Tuesday, April 03, 2007

How often should you forgive your brother?

How often should you forgive your brother? I wrote, regarding the TEC’s response to Tanzania, that “for me, the issue of out-of-area interference is more crucial, theologically, than the question of homosexuality” – to which Simon responded “I am seriously disturbed that you think church politics is more important than knowing how God wants us to behave and trusting in Him to define what is and what isn't sin! And how is out-of-area interference important theologically? Where in the Bible is there the slightest hint of this territorialism being endorsed?”

This is a sketch of my response (which would have been longer if I'd been mentally up to it!) Click 'full post' for text.


One of Jesus' most clear and consistent teachings is 'judge not, lest ye be judged, for the measure that you give will be the measure you receive' (Mt 7.1-5); not only is it something which he taught, but it is something which he embodied throughout his life and ministry, and for which he was criticised and ultimately sentenced to death by the religious authorities of his time.

Yet he also taught this:

What is your opinion? If a man has a hundred sheep and one of them goes astray, will he not leave the ninety-nine in the hills and go in search of the stray? And if he finds it, amen, I say to you, he rejoices more over it than over the ninety-nine that did not stray. In just the same way, it is not the will of your heavenly Father that one of these little ones be lost.

If your brother sins, go and tell him his fault between you and him alone. If he listens to you, you have won over your brother. If he does not listen, take one or two others along with you, so that 'every fact may be established on the testimony of two or three witnesses.' If he refuses to listen to them, tell the church. If he refuses to listen even to the church, then treat him as you would a Gentile or a tax collector. Amen, I say to you, whatever you bind on earth shall be bound in heaven, and whatever you loose on earth shall be loosed in heaven. Again, (amen,) I say to you, if two of you agree on earth about anything for which they are to pray, it shall be granted to them by my heavenly Father. For where two or three are gathered together in my name, there am I in the midst of them."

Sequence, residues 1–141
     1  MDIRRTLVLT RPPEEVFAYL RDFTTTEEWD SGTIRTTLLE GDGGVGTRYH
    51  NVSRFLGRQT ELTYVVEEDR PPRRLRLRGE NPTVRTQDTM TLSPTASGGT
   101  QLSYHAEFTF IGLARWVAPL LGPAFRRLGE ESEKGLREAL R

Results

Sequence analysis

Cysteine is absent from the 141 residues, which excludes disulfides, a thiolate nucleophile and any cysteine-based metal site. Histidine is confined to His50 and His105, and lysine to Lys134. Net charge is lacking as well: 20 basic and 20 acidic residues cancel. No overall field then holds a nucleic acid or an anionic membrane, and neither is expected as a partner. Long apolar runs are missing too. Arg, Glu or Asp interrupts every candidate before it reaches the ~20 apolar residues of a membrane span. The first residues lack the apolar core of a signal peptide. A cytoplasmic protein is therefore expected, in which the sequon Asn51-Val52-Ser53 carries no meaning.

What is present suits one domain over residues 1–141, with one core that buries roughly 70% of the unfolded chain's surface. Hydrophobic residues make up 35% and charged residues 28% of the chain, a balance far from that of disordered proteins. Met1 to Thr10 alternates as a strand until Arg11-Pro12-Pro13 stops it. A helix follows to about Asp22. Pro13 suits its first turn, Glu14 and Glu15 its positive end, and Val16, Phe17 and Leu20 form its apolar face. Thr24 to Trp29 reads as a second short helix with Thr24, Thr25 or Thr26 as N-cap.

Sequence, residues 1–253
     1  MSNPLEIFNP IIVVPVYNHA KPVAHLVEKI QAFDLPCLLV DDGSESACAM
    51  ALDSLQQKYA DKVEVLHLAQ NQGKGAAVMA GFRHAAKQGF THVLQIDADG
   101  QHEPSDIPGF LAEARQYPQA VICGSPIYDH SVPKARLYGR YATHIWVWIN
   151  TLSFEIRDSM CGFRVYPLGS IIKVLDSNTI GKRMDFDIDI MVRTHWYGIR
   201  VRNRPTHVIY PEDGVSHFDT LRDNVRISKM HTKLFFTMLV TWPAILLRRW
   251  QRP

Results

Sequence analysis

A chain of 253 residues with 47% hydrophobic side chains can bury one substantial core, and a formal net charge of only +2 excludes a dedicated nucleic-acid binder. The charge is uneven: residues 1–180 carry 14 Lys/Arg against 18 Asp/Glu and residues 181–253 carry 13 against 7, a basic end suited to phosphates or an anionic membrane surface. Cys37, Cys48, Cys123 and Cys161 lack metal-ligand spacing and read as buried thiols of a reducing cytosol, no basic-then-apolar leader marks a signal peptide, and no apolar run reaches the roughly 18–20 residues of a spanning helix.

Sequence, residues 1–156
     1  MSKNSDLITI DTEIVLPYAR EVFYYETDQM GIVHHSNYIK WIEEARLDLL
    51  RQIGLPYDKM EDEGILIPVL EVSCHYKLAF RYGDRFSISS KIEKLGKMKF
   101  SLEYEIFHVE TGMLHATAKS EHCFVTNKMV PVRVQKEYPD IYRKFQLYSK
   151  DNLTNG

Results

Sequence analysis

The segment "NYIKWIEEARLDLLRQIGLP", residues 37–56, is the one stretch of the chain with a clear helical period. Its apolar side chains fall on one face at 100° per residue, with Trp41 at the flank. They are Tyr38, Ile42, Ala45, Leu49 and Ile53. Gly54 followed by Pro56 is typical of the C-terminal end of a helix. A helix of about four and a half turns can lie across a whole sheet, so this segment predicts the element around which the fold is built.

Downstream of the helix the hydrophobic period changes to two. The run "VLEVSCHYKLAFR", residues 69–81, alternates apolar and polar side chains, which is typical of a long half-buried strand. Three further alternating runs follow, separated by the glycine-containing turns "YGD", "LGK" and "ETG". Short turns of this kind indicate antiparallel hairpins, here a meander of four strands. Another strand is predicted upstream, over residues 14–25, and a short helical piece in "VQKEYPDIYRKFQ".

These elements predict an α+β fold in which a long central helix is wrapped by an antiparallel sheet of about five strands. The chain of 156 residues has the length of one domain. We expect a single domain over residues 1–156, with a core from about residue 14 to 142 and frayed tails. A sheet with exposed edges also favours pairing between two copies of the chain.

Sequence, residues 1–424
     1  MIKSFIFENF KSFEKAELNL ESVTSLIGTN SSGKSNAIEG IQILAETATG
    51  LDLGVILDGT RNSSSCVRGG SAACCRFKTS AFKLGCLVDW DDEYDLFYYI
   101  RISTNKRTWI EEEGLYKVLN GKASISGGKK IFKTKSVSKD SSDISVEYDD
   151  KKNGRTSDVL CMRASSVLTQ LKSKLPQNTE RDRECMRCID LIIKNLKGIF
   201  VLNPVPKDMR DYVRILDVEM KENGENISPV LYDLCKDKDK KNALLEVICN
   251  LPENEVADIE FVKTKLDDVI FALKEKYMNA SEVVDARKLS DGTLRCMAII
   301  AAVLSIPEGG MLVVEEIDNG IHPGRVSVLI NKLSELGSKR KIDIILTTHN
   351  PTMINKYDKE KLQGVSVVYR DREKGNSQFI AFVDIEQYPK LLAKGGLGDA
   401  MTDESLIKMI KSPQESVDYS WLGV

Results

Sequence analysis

Then Peter approaching asked him, "Lord, if my brother sins against me, how often must I forgive him? As many as seven times?" Jesus answered, "I say to you, not seven times but seventy-seven times. That is why the kingdom of heaven may be likened to a king who decided to settle accounts with his servants. When he began the accounting, a debtor was brought before him who owed him a huge amount. Since he had no way of paying it back, his master ordered him to be sold, along with his wife, his children, and all his property, in payment of the debt. At that, the servant fell down, did him homage, and said, 'Be patient with me, and I will pay you back in full.' Moved with compassion the master of that servant let him go and forgave him the loan. When that servant had left, he found one of his fellow servants who owed him a much smaller amount. He seized him and started to choke him, demanding, 'Pay back what you owe.' Falling to his knees, his fellow servant begged him, 'Be patient with me, and I will pay you back.' But he refused. Instead, he had him put in prison until he paid back the debt. Now when his fellow servants saw what had happened, they were deeply disturbed, and went to their master and reported the whole affair. His master summoned him and said to him, 'You wicked servant! I forgave you your entire debt because you begged me to. Should you not have had pity on your fellow servant, as I had pity on you?' Then in anger his master handed him over to the torturers until he should pay back the whole debt. So will my heavenly Father do to you, unless each of you forgives his brother from his heart."

I quote this passage at length because the core passage, about possibly expelling the immoral brother from our midst, is set in the midst of extensive teaching about the priority of forgiveness. There are various ways of reading this, but surely the heart of it is a) the humility that is essential for pointing out sin in another, ie being conscious of our own shared sin; as well as b) a recognition that there is such a thing as sin, which is harmful and needs to be overcome.